The paper’s authors typically use deep neural networks to predict extreme weather events or for other climate applications. While better local forecasts can help people schedule their park dates, predicting the wind and the clouds can also help renewable energy operators plan what to put into the grid in the coming hours.

Feb 16, 2023

Quantum Field Theory Pries Open Mathematical Puzzle

Posted by in categories: mathematics, quantum physics, space

The “rank” of a graph is the number of loops it has; for each rank of graphs, there exists a moduli space. The size of this space grows quickly — if you fix the lengths of the graph’s edges, there are three graphs of rank 2, 15 of rank 3,111 of rank 4, and 2,314,204,852 of rank 10. On the moduli space, these lengths can vary, introducing even more complexity.

The shape of the moduli space for graphs of a given rank is determined by relationships between the graphs. As you walk around the space, nearby graphs should be similar, and should morph smoothly into one another. But these relationships are complicated, leaving the moduli space with mathematically unsettling features, such as regions where three walls of the moduli space pass through one another.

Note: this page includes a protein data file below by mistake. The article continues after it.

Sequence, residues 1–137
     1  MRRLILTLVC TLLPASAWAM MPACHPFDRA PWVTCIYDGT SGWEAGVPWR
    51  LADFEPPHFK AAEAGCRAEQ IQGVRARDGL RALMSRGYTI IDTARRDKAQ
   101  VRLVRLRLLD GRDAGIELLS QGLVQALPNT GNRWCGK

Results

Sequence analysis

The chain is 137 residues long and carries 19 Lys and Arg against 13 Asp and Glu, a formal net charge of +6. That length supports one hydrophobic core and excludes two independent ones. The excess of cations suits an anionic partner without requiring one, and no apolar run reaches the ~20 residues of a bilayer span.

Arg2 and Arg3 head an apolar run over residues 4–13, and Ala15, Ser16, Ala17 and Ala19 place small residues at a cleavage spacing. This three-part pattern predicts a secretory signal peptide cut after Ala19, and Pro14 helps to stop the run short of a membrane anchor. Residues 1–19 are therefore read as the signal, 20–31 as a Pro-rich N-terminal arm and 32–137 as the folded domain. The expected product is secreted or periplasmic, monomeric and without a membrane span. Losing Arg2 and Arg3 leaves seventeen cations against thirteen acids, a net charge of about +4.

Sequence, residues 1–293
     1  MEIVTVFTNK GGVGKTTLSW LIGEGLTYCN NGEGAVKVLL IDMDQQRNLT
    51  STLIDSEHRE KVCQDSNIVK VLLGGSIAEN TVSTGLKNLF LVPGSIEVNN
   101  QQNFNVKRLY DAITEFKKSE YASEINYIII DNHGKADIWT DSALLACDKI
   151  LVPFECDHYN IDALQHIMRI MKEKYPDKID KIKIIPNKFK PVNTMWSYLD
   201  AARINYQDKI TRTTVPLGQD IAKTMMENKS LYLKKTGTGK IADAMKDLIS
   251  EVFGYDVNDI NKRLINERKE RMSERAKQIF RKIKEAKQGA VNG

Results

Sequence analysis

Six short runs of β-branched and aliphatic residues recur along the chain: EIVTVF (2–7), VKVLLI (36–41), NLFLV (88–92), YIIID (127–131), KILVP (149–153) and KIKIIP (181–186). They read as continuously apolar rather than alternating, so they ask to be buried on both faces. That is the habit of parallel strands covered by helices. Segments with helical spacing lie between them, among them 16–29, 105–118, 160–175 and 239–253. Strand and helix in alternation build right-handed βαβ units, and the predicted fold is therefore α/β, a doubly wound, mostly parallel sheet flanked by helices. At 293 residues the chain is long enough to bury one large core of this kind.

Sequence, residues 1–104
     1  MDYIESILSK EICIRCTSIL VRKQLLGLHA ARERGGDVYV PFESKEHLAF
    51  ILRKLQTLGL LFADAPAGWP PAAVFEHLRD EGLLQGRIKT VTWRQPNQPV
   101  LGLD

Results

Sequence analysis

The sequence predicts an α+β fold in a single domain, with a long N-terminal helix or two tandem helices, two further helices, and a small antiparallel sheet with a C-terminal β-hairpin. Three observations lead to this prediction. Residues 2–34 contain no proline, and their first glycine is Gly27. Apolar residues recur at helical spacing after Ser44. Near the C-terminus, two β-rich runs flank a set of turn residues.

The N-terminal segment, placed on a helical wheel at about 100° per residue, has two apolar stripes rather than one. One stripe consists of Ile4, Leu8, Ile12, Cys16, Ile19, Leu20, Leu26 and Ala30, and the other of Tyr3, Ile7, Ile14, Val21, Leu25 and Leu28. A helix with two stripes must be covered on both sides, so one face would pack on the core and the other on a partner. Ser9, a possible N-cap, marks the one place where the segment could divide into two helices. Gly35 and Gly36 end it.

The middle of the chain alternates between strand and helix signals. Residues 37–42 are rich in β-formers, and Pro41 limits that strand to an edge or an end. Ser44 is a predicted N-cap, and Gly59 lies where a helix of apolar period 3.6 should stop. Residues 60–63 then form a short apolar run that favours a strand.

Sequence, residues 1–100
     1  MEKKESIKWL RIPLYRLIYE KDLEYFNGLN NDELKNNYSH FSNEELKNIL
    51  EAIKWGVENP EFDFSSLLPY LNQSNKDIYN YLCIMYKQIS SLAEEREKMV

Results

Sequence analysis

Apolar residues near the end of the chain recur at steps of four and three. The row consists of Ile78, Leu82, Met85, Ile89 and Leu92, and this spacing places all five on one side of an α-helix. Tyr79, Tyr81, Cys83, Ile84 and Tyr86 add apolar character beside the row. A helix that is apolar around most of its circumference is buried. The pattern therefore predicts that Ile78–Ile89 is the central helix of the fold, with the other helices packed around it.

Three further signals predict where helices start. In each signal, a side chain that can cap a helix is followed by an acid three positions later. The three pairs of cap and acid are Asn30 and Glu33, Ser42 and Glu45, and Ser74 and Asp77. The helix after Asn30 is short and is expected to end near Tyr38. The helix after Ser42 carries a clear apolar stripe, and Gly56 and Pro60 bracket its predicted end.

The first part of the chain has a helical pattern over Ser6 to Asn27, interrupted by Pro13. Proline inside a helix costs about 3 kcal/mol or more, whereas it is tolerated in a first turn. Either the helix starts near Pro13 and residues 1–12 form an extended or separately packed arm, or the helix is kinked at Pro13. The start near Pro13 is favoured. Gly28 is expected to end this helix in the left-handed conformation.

Mathematicians can study the structure of a space or shape using objects called cohomology classes, which can help reveal how a space is put together. For instance, consider one of mathematicians’ favorite shapes, the doughnut. On the doughnut, cohomology classes are simply loops.

Feb 16, 2023

Model Shows How Intelligent-like Behavior Can Emerge From Non-living Agents

Posted by in categories: biotech/medical, chemistry, engineering, mathematics, nanotechnology

It acted with rudimentary intelligence, learning, evolving and communicating with itself to grow more powerful.

A new model by a team of researchers led by Penn State and inspired by Crichton’s novel describes how biological or technical systems form complex structures equipped with signal-processing capabilities that allow the systems to respond to stimulus and perform functional tasks without external guidance.

“Basically, these little nanobots become self-organized and self-aware,” said Igor Aronson, Huck Chair Professor of Biomedical Engineering, Chemistry, and Mathematics at Penn State, explaining the plot of Crichton’s book. The novel inspired Aronson to study the emergence of collective motion among interacting, self-propelled agents. The research was recently published in Nature Communications.

Feb 16, 2023

The math behind engineering living things (TMEB #3)